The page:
The Good Earth Reviews
it is a story about wang lung the farmer(paul muni), who marries a slavegirl in the big house named o-lan. and together they strive for their rocky future with mettle with their conventional chinese virtues. they've been thru harvest prosperity, drought, famine and the revolution of republic china as well as wang's illict affair with courtesan lotus.
mostly it depicts the condescending perspect of man's derogatory viewpoint on women which is actually true in ancient china, and women are merely usable products who help men to plow the rice fields and bring them extensions. without that, a woman could be considered worthless, and the dichotomy of benevolent saint and malevolent siren reflects on the two major female characters: o-lan, the slavegirl turning to the farmer's wife; lotus, the insidious temptress who drains men's wealth. eventually the conclusion would be good woman is like earth which provides everything with endless flourishments.
the earliest chinese star then anna may wong was keen to obtain the role of virtuous o-lan to alter her dreary image of malicious sirens in a bunch of negative orient-themed movies where she has to die "a thousand times" in the end. but the studio refuses to grant her that becuz of the racial segregation principle then: a caucasion male cannot make love or pair licitly with a oriental female on screen (so asian women are neither mistresses or villainy on screen), even as roles of yellow face. even the temptress lotus goes down to another actress with approved ethnicity despite the role lotus is literarily inspired by the oriental femme fatale image in wong's early silent pictures.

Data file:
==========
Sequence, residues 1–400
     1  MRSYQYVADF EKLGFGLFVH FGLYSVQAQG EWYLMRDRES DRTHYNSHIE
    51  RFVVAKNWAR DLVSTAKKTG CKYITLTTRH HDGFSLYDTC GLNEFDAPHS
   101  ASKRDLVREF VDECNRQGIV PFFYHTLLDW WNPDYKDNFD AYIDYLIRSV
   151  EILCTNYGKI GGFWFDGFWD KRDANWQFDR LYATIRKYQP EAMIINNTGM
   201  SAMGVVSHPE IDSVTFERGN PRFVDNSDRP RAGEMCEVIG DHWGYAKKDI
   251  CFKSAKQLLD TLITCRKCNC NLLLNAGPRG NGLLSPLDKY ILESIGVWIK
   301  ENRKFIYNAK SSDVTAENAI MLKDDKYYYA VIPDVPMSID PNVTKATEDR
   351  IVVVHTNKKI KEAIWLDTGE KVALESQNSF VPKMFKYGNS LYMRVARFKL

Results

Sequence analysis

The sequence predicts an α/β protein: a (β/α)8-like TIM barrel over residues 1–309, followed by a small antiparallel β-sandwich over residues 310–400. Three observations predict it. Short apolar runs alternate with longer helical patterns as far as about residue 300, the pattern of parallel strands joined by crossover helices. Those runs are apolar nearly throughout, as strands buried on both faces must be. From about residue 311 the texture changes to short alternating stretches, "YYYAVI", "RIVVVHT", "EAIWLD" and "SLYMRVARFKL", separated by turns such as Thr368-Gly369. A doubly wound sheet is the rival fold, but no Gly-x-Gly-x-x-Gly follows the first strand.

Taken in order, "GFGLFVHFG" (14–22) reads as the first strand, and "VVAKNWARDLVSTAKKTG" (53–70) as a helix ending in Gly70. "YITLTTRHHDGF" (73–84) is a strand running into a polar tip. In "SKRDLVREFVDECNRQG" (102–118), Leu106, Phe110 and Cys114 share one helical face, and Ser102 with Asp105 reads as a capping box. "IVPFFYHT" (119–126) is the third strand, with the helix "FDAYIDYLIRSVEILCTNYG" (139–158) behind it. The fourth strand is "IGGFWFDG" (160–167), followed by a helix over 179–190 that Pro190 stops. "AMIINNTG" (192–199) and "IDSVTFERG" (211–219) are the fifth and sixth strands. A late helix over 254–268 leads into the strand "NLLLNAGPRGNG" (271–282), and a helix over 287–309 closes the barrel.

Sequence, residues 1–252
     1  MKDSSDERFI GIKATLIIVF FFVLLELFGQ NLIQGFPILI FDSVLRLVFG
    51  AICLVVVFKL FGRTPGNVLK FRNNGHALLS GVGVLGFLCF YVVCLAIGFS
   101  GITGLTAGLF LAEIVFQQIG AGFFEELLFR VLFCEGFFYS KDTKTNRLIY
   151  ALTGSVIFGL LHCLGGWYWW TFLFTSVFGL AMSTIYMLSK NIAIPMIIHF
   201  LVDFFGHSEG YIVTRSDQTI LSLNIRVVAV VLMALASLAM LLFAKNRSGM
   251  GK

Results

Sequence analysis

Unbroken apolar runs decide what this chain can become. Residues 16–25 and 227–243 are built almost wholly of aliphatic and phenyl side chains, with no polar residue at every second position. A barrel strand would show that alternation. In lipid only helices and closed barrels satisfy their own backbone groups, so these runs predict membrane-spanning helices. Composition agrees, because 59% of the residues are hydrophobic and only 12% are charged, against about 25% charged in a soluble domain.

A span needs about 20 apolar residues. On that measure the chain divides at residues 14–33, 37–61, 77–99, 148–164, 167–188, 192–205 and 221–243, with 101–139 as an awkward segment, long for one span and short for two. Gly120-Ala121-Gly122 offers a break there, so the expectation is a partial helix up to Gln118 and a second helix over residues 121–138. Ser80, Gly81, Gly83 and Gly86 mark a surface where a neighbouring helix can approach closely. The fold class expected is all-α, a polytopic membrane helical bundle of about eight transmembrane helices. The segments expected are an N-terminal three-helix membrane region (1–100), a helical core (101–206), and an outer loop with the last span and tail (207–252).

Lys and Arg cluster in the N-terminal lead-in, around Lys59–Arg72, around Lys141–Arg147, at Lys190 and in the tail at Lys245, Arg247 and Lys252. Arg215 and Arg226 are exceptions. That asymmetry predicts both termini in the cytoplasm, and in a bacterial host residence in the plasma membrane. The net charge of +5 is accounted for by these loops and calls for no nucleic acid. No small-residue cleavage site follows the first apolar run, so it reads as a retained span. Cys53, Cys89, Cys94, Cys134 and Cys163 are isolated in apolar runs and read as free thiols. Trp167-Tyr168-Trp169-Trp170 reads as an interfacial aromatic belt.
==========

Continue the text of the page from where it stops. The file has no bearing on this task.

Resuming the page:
the point of making "the good earth" itself is a campy articce, so why bother to use a real chinese or not since the story won't present the real china anyway? as for anna may wong, she is thorough america-nourished american except her ethnicity, and she doesn't even conform to the corny chinese virtues of obediency or dependency on man anyway, further more she has never been with a chinese man for all her life at all. so in exclusion of her chinese outlook, there's not really any that much of traditional chineseness in her. so it won't be really a shame or a pity for her abscence as o-lan in this piece, but she would probably make an adequate lotus.
the title song for "the good earth" would be "the jasmine song" which has nothing to do with farming but a common folk song praising the beauty of jasmine flower in spite of its melodius smoothness. and in the scene of new infant birth, it's accompanied with the song celebrating the feng-yang drum which is my father's regional folk song in old china. so it would be highly phony to deem "the good earth" as a chinese epic, and even pearl s. buck who writes the original novel might have some bias for china. but it does bare some worthwhile process of collecting crops from the rice fields which i have never paid attention before. and the photography has its contrived oriental aesthetism under the helm of four directors, including victor fleming from "gone with the wind".
so allow me to put it this way, the pleasure of "good earth" would be the brass flatulency of vintage caucasion hollywood's eccentric perception on "the inscrutable orient". ABSOLUTE CAMP!
One of the greatest films from the 1930's. "The Good Earth" is a higly emotional and devestating look at the plight of Chinese farmers who battle a huge drought that forces them to leave their lands for life in the big city.
One drawback is that Hollywood wasn't ready to cast actual Chinese actors in the leads. Despite this Paul Muni and Luis Rainer (who won a Best Actress Oscar) give rare and poignant performances. Though they are not Chinese, the are able to capture the essense and heartbreaking souls of the characters.
For a film from 1937 the spectacular scene of the invading locusts is a true revelation and highly memorable.